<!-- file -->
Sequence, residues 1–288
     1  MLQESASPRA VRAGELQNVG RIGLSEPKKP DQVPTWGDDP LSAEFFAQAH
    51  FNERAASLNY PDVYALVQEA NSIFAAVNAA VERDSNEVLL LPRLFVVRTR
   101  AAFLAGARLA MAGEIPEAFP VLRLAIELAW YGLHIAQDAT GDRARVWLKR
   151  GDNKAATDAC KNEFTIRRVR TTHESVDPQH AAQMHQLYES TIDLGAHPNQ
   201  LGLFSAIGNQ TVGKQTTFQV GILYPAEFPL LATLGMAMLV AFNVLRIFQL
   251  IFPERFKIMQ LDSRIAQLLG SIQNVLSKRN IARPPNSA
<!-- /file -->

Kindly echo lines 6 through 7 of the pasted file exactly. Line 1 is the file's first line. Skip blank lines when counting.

   201  LGLFSAIGNQ TVGKQTTFQV GILYPAEFPL LATLGMAMLV AFNVLRIFQL
   251  IFPERFKIMQ LDSRIAQLLG SIQNVLSKRN IARPPNSA